Leading karate expert knocked down by investigation into sex offense allegations: One of Britain’s oldest martial arts fighters, 77, faces police investigation into historical abuse allegations
- Andrew Sherry, 77, is investigated by the police for alleged sexual offences
- Was Chairman and Chief Instructor for Karate Union of Great Britain until March
- Mr Sherry said the allegations were “malicious” and stemmed from “politics” in karate circles
One of Britain’s most prominent and respected figures in karate is under police investigation for alleged historic sex crimes involving multiple victims.
Andrew Sherry, 77, was the chairman and chief instructor of the Karate Union of Great Britain (KUGB) until March when it was announced that he would be retiring for personal reasons.
A source known to Mr Sherry described the instructor and former European and National Champion as a ‘God’ of the discipline, adding: ‘The allegations have rocked the sport and have the potential to have the same impact. in the karate world as the recent football matches. sexual abuse scandal in that sport.’
But Sherry told the Daily Mail the allegations were “malicious” and arose because of “politics” in karate circles.
Andrew Sherry, 77, who was president and chief instructor of Britain’s Karate Union until March, is under investigation for alleged historic sex crimes involving multiple victims
Speaking from his bungalow, in West Derby, Liverpool, he said they were made by “multiple individuals” bent on damaging his reputation and that of karate.
Mr Sherry admitted to being questioned “voluntarily” by the police, but denied any wrongdoing. “I’ve never been arrested,” he said.
“There is an agenda that has to do with the politics of karate … people who hold a grudge against me and the organization.”
In 1966, Mr. Sherry became the first person in Britain to receive a black belt in Shotokan karate.
That same year, he won the first British All Style Championship, beating competitors from all British karate varieties.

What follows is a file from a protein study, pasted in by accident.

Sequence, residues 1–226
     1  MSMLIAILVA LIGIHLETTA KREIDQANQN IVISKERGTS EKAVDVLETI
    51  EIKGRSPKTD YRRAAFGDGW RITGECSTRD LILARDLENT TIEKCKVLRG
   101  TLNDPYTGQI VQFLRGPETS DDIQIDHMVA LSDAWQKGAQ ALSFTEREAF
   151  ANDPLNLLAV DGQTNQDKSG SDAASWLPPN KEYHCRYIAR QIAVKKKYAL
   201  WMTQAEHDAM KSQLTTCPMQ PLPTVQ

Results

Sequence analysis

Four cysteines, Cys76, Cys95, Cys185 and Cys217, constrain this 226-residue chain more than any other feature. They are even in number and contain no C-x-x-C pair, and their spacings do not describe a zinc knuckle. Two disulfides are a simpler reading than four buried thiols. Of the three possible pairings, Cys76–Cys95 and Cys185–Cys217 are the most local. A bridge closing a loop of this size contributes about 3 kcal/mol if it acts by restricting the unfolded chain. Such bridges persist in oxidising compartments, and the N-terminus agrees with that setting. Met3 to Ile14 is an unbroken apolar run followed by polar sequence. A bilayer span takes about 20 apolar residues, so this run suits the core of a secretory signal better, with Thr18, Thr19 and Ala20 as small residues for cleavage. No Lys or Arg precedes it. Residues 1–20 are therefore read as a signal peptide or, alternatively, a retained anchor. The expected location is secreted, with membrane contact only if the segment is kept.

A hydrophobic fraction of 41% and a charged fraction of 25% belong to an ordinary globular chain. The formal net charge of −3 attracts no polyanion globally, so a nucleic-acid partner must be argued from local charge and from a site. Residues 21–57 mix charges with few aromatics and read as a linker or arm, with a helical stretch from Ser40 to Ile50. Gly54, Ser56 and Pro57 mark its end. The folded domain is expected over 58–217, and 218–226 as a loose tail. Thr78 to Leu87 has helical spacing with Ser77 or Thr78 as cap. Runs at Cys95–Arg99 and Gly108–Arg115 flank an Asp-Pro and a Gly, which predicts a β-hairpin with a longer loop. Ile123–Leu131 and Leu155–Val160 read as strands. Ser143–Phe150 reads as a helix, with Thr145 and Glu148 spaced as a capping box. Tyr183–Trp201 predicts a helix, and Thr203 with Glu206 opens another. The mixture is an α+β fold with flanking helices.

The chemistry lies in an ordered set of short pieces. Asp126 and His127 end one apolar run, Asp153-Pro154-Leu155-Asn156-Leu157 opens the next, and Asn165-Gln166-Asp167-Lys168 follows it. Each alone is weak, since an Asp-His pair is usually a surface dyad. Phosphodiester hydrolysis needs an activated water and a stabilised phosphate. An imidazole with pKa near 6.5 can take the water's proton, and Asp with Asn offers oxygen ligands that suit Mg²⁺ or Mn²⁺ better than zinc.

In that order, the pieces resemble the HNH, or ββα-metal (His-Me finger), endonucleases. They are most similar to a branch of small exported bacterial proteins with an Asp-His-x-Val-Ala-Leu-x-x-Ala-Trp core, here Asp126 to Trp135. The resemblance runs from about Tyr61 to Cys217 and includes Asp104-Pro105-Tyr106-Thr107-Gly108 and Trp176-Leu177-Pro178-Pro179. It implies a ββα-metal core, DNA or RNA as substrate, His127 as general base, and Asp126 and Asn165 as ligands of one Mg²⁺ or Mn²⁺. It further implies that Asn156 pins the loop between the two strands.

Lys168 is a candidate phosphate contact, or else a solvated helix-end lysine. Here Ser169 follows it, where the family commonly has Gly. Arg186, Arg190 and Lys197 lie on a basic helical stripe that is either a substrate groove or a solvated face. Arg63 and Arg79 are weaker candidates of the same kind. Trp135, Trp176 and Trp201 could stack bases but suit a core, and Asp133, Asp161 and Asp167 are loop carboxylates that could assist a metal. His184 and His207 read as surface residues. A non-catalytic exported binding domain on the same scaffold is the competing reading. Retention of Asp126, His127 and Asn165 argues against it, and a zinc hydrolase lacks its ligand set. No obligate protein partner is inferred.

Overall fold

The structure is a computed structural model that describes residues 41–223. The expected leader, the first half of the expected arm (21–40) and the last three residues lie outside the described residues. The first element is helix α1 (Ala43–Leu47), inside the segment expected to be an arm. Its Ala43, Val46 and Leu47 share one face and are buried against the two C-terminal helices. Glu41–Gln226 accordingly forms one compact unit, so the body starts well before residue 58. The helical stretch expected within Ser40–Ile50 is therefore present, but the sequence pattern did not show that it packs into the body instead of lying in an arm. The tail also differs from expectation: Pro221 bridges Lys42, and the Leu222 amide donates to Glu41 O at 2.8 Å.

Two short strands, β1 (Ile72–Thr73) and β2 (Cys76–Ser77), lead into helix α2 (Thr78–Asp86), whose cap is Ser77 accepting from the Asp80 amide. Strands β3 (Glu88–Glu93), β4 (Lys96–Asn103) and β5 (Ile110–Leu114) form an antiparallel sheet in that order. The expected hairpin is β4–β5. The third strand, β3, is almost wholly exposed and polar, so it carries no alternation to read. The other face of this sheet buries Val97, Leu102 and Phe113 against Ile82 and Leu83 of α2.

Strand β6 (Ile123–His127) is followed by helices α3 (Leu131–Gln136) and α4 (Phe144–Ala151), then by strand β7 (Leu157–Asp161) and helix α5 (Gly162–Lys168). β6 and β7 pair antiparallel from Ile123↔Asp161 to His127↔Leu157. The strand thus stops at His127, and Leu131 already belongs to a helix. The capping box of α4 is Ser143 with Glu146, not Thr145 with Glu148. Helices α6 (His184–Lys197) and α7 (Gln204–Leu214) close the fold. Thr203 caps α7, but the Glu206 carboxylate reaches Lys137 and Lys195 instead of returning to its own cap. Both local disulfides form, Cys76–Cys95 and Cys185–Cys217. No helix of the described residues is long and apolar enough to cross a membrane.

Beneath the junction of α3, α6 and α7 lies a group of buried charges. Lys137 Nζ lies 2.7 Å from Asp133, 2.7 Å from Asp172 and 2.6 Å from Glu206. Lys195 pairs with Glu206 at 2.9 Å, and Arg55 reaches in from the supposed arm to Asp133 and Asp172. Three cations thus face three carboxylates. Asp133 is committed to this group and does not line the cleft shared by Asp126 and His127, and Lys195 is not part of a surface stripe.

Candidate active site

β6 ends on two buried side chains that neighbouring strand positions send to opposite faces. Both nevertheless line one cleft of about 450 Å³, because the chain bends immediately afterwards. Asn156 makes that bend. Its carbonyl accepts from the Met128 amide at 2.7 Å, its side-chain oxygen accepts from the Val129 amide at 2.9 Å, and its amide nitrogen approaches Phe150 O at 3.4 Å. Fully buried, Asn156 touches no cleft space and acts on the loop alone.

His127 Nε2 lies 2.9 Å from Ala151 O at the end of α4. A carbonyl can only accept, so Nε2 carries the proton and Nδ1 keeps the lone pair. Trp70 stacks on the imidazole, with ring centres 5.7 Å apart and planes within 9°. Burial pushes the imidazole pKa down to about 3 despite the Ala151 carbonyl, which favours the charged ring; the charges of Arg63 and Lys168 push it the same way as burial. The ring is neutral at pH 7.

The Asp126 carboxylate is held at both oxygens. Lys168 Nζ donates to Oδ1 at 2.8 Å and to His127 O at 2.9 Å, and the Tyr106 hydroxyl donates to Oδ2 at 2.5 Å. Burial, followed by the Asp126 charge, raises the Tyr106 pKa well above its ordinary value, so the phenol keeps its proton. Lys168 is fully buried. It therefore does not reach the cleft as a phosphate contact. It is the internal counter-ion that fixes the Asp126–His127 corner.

In 1968 he became European champion in kumite – one of the three main areas of karate training alongside kata and kihon – and won the first four KUGB karate competitions between 1967 and 1970.
Mr. Sherry retired from competition in 1977 and began to focus on coaching.
In 1990, he led the KUGB to victory at the World Shotokan Karate Championships, a feat repeated the following year.
Mr Sherry, from West Derby, Liverpool, said the allegations were ‘malicious’ and arose because of ‘politics’ in karate circles
In 2007, the England squad won European and world titles under his leadership.
Mr Sherry became a ninth tier, or 9th dan, black belt in 2013, making him one of Britain’s top Shotokan karate practitioners.
Karate is currently enjoying a renewed interest due to the success of Netflix’s Cobra Kai – a TV episodic sequel to the 1980s Karate Kid movies.
A Merseyside Police spokesman said: ‘We can confirm that a man from West Derby is under investigation by detectives in connection with allegations of historic sex crimes.
“The 77-year-old man volunteered for questioning and is under investigation pending further investigation.”
In March, an independent investigation into historical child sexual abuse in football between 1970 and 2005 found that the Football Association was “not doing enough to keep children safe.”
The scandal, which enveloped scouts and coaches in clubs from Celtic to Bournemouth, unfolded after former Crewe player Andy Woodward went public over sexual abuse he suffered as a child at the hands of coach Barry Bennell.
Bennell is now serving a 34-year sentence for abusing boys between 1979 and 1991 in Crewe and Manchester City.